Skip to main content

Comorbidity between depression and anxiety: assessing the role of bridge mental states in dynamic psychological networks



Comorbidity between depressive and anxiety disorders is common. A hypothesis of the network perspective on psychopathology is that comorbidity arises due to the interplay of symptoms shared by both disorders, with overlapping symptoms acting as so-called bridges, funneling symptom activation between symptom clusters of each disorder. This study investigated this hypothesis by testing whether (i) two overlapping mental states “worrying” and “feeling irritated” functioned as bridges in dynamic mental state networks of individuals with both depression and anxiety as compared to individuals with either disorder alone, and (ii) overlapping or non-overlapping mental states functioned as stronger bridges.


Data come from the Netherlands Study of Depression and Anxiety (NESDA). A total of 143 participants met criteria for comorbid depression and anxiety (65%), 40 participants for depression-only (18.2%), and 37 for anxiety-only (16.8%) during any NESDA wave. Participants completed momentary assessments of symptoms (i.e., mental states) of depression and anxiety, five times a day, for 2 weeks (14,185 assessments). First, dynamics between mental states were modeled with a multilevel vector autoregressive model, using Bayesian estimation. Summed average lagged indirect effects through the hypothesized bridge mental states were compared between groups. Second, we evaluated the role of all mental states as potential bridge mental states.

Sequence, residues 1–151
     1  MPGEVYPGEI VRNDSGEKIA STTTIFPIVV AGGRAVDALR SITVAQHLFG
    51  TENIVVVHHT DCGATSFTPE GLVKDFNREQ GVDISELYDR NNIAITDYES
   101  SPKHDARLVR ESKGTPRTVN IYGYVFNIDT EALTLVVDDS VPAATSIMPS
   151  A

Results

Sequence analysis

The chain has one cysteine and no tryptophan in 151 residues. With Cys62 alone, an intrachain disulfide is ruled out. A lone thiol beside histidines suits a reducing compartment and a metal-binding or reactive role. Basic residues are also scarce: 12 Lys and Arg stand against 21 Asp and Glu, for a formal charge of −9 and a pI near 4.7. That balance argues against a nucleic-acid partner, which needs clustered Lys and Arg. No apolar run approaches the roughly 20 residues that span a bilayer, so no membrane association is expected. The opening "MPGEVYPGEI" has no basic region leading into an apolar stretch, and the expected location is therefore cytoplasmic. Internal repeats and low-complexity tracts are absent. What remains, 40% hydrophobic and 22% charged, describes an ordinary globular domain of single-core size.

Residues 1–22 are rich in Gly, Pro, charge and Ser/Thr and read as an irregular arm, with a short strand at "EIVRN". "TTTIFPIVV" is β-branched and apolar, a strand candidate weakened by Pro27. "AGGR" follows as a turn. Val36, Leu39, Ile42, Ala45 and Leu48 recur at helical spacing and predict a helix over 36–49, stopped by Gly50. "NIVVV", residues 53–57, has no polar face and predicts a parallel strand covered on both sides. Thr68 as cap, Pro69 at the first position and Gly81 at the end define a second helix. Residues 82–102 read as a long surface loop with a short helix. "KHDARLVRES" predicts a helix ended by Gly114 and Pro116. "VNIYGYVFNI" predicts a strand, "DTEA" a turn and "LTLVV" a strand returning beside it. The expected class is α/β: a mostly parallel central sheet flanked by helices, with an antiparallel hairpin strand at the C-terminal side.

While the summed indirect effect for the bridge mental state “worrying” was larger in the comorbid group compared to the single disorder groups, differences between groups were not statistically significant. The difference between groups became more pronounced when only examining individuals with recent diagnoses (< 6 months). However, the credible intervals of the difference scores remained wide. In the second analysis, a non-overlapping item (“feeling down”) acted as the strongest bridge mental state in both the comorbid and anxiety-only groups.


This study empirically examined a prominent network-approach hypothesis for the first time using longitudinal data. No support was found for overlapping mental states “worrying” and “feeling irritable” functioning as bridge mental states in individuals vulnerable for comorbid depression and anxiety. Potentially, bridge mental state activity can only be observed during acute symptomatology. If so, these may present as interesting targets in treatment, but not prevention. This requires further investigation.